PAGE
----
My name is Rina and I’m Feedback Labs’ new Products Intern. As a graduate student in the field of social entrepreneurship, I know that social entrepreneurs have to persist in difficult situations. How do they do that? How does an individual see a solution amidst what seems like impossible constraints? How does a social entrepreneur’s endeavor thrive? I think feedback is part of the answer to these questions. Here are three ways I’ve seen social entrepreneurs use feedback to improve their work.
- Know thyself! To find success, it’s important to know if you’re a social entrepreneur, social intrapreneur, or social infrapreneur. Social entrepreneurs create something new, an original idea they’ve built from scratch. Social Intrapreneurs change something that already exists – they drive change within an existing organization or Institution. Infrapreneurs create a better ecosystem and infrastructure for social entrepreneurship to thrive – they create networks, hubs, funding possibilities etc. Knowing which category you fall into can help you prepare the skills, network and resources you’ll need to change the world. I’ve found it helpful to assess my own personality by taking the Myers-Briggs Test or the Big-Five. Think of it as receiving feedback from yourself!
- Fall in love with the problem, not the solution! This is what I learned first in my graduate studies. Read that sentence once more and let it sink in. If we are not speaking with the constituents we are serving to truly understand the problems we can solve for them, then we are falling in love with the wrong thing. We have to be ready to let go of the perfect solutions and focus all our effort in understanding the problem. I find Design Thinking and Human-Centered Design approaches particularly helpful. Keep learning from your constituents throughout the project by adopting Constituent Voice.
- Find others who will run with you! I remember reading a book by Paul C. Light called Driving Social Change and my main takeaway was that if you are a lone-wolfer relying on yourself to execute a solution, it will not only drain you but chances are it will not be as impactful as working with other people. See it as a difference between catalytic collaboration versus isolation. Do a Stakeholder Mapping analysis and identify individuals you need to have conversations with, attend conferences and follow the work of Fellows from Echoing Green, Ashoka, Schwab Foundation, Skoll Foundation etc. Seek feedback from others, learn from them, work with them and co-create together.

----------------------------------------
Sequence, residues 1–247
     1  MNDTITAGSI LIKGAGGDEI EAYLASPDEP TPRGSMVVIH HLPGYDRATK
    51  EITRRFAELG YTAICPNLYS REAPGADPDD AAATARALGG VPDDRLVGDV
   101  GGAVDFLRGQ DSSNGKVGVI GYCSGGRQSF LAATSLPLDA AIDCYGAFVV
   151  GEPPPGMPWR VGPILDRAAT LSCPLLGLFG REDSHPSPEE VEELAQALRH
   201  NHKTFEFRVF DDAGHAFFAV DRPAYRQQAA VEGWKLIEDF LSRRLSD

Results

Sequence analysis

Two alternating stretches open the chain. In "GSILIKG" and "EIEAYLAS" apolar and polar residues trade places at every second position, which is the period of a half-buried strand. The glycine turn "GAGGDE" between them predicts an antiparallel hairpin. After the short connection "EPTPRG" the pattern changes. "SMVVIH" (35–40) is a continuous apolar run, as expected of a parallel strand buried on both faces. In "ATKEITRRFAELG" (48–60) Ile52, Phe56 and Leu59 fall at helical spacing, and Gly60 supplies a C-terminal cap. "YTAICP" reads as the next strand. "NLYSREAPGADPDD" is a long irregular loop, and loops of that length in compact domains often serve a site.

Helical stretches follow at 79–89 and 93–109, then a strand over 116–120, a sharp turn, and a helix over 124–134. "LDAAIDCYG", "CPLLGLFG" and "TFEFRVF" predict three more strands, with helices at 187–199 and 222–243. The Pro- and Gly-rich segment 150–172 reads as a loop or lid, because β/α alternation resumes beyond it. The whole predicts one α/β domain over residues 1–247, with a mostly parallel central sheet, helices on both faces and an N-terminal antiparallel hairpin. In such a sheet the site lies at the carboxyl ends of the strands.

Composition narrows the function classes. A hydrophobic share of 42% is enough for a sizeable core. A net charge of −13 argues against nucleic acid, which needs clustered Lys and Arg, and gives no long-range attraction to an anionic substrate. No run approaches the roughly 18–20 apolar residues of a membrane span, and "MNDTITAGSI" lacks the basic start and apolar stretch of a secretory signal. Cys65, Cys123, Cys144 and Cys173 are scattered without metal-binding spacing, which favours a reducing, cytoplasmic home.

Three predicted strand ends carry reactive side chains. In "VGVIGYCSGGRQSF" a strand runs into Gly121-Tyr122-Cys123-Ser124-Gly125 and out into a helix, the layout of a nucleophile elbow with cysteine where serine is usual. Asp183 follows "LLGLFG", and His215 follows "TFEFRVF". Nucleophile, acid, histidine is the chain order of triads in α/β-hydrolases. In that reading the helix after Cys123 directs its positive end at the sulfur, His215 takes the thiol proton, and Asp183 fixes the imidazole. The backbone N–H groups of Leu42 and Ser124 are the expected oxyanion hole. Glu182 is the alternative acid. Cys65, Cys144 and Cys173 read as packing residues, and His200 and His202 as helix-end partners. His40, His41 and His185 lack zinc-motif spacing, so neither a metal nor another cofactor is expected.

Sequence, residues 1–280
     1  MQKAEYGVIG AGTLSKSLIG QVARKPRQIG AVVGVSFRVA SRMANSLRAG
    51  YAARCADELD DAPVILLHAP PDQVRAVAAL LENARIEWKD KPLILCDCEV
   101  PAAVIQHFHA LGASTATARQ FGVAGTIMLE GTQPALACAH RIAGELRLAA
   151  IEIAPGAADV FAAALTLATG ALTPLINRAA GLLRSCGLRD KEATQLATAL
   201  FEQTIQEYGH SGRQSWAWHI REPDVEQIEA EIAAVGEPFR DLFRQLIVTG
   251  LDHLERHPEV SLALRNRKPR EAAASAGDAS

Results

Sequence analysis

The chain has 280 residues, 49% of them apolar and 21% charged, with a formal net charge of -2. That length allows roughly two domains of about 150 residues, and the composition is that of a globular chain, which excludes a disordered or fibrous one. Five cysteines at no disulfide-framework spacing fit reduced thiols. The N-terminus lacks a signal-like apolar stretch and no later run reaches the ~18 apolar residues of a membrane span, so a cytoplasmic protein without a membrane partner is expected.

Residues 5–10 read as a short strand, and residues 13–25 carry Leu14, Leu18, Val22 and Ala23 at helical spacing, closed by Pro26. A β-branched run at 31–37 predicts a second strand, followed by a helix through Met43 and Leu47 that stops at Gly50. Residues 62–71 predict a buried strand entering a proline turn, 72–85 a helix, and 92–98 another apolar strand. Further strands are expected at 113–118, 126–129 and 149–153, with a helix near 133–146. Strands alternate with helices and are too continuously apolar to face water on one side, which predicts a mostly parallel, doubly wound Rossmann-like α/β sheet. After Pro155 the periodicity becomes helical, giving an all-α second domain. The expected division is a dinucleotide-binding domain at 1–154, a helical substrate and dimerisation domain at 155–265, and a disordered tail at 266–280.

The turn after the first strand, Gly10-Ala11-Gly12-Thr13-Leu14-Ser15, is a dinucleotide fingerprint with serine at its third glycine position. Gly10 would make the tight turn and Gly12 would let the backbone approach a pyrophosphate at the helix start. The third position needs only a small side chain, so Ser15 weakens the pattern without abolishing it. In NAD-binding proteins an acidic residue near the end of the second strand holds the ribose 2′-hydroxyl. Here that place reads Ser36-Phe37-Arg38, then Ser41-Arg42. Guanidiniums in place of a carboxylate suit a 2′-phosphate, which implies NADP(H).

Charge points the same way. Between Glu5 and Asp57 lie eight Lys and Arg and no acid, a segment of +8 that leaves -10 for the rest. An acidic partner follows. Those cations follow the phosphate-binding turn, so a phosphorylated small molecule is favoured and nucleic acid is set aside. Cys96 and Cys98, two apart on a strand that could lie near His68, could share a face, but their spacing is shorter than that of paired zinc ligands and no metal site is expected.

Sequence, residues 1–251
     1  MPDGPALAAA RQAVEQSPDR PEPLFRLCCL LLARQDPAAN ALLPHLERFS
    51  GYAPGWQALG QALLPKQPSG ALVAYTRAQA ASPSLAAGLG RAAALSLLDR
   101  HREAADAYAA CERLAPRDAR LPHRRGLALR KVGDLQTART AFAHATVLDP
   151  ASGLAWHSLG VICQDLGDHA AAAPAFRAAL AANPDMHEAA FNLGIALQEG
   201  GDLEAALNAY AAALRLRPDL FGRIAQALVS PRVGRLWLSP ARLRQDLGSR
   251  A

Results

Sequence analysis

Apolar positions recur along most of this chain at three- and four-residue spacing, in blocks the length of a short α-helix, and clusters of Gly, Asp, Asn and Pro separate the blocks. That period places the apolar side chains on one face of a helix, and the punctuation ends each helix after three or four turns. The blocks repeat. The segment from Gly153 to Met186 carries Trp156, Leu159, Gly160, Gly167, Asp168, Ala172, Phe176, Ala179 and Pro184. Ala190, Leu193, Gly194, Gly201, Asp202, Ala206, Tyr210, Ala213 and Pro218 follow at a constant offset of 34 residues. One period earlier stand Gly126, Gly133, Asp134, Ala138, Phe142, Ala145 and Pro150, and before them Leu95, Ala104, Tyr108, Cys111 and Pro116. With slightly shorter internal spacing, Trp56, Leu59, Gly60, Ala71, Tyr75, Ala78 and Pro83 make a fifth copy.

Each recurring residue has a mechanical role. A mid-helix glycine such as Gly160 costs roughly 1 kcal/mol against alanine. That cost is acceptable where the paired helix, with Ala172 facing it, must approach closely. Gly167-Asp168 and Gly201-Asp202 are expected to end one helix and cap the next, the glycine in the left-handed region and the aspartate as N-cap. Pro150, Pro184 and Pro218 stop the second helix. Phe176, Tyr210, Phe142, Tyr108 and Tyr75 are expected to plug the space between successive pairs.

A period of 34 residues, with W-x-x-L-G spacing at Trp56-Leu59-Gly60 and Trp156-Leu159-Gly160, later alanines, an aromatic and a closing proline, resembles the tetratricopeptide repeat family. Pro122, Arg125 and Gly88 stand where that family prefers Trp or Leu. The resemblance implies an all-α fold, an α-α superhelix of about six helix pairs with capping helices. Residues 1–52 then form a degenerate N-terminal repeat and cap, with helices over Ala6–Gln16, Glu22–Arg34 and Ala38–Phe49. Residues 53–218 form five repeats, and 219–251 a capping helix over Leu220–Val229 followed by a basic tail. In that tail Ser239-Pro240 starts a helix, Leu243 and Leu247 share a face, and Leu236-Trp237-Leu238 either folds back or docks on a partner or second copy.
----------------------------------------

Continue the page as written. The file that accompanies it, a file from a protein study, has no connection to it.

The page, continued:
I believe the main superpower a social entre/intra/intrapreneur has is seeking feedback from others.
Receiving feedback does not guarantee you will be successful, but it will most probably save you sweat, tears and time! Go out in the world, ask, listen then ask some more. Getting feedback sets the stepping stones for creating the world you want to be part of.
Rina is the Lab’s resident product strategist, helping to develop ideas and create strategies for new products provide feedback for the existing Feedback Labs products throughout the summer. She envisions a paradigm shift whereby listening and acting on the voice of the people in need becomes a core value for organizations that aim to support those people. Before joining Feedback Labs, Rina has worked for a pioneer outsourcing company in Kosovo as well as for a youth employment project for HELVETAS Kosovo, the later experience that shifted her interest to being part of organizations driven by a social mission. Currently, she is a candidate for an MA in Social Enterprise program at School of International Service at American University, Washington DC and is a recipient of Transformation Leadership Program Scholarship provided by USAID. She has finished her BA in Marketing and Psychology at London Metropolitan University.
Three Things Thursday is a weekly blog series where feedback innovators describe three specific components of their feedback practice that they think makes them successful. These straightforward but profound practices help the Feedback Labs community understand how they can integrate closing feedback loops in their own work. If you would like to contribute to the blog with your own Three Things, drop us a note at [email protected]